The bulging suitcases were comforting harbingers of what was about take place: a vacation. My family might have overpacked a little for a four-hour drive to the beach, but this wasn’t just a typical break from the workaday world. This trip was our stab at a cancer-cation: a sorely needed respite from the homewrecker I’d been fighting for the past seven months.

During that period, I’d been diagnosed with breast cancer, undergone a mastectomy and an additional surgery to remove some lymph nodes, and received 36 doses of radiation. This litany of medical interventions sounds almost laundry-list, but it didn’t feel routine. I felt insanely self-conscious about how I looked, and I often felt overwhelmed and exhausted by the need to put on a happy face for my children, ages 4 and 7.  We’d explained to them in an age-appropriate way what was going on, but no way was I going to expose them to my physical pain, emotional depletion, and fear – hell, that shit was barely suitable for the grownups.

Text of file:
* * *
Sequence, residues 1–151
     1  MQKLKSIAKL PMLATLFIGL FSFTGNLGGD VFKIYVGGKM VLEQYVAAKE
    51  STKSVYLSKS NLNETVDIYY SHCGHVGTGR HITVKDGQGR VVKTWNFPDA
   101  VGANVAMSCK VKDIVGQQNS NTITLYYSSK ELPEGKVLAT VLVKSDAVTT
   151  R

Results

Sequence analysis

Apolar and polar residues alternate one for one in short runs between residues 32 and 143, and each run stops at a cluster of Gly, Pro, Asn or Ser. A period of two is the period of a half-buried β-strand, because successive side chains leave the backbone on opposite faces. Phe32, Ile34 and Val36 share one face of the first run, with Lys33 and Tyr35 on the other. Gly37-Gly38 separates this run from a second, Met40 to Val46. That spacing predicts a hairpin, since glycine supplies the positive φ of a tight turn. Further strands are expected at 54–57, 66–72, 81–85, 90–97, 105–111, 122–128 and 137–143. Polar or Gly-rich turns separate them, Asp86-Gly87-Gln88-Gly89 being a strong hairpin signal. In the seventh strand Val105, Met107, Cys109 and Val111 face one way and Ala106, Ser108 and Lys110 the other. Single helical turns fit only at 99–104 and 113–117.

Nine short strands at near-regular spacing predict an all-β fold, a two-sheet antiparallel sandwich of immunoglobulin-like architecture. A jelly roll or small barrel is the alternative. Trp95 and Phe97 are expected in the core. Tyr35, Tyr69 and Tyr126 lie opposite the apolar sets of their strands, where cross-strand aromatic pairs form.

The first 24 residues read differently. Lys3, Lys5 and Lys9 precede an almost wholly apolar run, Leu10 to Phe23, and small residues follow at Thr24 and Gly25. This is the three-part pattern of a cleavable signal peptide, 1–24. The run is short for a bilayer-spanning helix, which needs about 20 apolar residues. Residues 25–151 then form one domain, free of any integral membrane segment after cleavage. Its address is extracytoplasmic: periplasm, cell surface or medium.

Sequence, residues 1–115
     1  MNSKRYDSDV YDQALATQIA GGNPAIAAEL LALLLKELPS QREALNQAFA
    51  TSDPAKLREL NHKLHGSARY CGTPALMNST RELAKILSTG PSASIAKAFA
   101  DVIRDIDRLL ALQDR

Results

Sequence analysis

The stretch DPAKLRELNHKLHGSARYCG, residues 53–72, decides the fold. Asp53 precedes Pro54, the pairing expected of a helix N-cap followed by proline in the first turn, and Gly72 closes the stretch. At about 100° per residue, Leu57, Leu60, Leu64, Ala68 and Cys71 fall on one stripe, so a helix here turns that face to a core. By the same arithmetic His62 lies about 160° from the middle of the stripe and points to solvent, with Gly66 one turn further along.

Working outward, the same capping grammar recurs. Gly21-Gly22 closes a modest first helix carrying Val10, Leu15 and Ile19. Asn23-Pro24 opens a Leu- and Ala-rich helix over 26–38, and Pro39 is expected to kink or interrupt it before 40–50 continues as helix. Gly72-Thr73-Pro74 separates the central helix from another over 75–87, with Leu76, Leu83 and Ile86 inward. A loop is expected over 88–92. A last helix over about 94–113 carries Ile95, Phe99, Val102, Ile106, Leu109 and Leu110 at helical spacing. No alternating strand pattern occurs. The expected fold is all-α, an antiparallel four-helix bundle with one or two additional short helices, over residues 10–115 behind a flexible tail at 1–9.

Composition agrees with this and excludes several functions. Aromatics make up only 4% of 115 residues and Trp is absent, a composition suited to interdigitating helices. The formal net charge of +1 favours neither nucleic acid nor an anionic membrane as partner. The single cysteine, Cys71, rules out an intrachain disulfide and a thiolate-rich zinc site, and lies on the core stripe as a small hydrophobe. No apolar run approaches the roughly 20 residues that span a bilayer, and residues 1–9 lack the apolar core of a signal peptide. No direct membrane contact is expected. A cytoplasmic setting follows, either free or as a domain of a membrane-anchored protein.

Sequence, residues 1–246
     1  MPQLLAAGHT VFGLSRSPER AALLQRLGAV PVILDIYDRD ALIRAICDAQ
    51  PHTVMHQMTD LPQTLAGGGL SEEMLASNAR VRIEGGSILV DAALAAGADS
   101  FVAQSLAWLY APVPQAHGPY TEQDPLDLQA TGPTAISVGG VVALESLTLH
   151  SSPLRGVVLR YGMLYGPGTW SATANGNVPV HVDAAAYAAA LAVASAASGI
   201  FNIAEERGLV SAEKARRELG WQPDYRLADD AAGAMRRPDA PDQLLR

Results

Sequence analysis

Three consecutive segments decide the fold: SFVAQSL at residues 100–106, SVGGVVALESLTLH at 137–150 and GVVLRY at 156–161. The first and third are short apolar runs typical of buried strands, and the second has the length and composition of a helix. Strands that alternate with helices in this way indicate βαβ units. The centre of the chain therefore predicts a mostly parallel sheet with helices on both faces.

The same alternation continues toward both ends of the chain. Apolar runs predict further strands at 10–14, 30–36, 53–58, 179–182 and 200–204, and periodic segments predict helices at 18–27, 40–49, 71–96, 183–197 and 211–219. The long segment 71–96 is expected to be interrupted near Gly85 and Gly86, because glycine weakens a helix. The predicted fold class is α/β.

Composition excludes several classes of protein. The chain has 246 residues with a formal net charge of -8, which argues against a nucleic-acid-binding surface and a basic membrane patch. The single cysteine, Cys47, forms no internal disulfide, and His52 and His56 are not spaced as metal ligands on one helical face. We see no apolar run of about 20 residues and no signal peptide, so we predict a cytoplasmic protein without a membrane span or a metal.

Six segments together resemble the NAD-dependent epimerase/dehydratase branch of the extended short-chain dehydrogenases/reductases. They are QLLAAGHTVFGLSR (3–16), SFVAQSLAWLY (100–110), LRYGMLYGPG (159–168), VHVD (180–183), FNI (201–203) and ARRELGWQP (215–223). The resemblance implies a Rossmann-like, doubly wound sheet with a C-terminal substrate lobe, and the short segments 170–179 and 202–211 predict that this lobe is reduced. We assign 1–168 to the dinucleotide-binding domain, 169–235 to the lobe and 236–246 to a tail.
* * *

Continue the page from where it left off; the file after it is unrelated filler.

Hence, the cancer-cation. We headed out on the open road in hopes that we’d get a break from talking about it, thinking about it, and in my case, dreaming about it. I longed to busy myself with everyday problems like whether or not the kids had enough sunscreen on or whether I’d remembered to put my reading materials in the beach bag. We wanted to turn cancer off, even if just for a week.

A Geographic Cure for Cancer?

It turns out, though, that it’s harder to escape cancer than just driving away from it.

That was something we discovered after just an hour on the road, when I turned the knob of the dial to NPR. Fresh Air was on, one of our favorites, but after just two minutes, Terry Gross announced that she’d next be talking to a folk singer who had been diagnosed with breast cancer, followed by an obituary of a well-known author who had recently died in her 80s of… you guessed it.

I’d never turned a radio dial so fast in my life. Polka medley from a Lawrence Welk album? Death metal at top volume? No problem. Just anything but more cancer.

Next, we stopped at an ice cream shop to stretch our legs. I was choosing my flavor (always Oreo) when the woman who was scooping my cone asked me if I had breast cancer. I said I did, and in earshot of my kids, she said: “Oh that’s awful, my grandmother died of it.” Lead balloon #2 dropped.

This, here, was a reminder of what a carefree life was supposed to look like.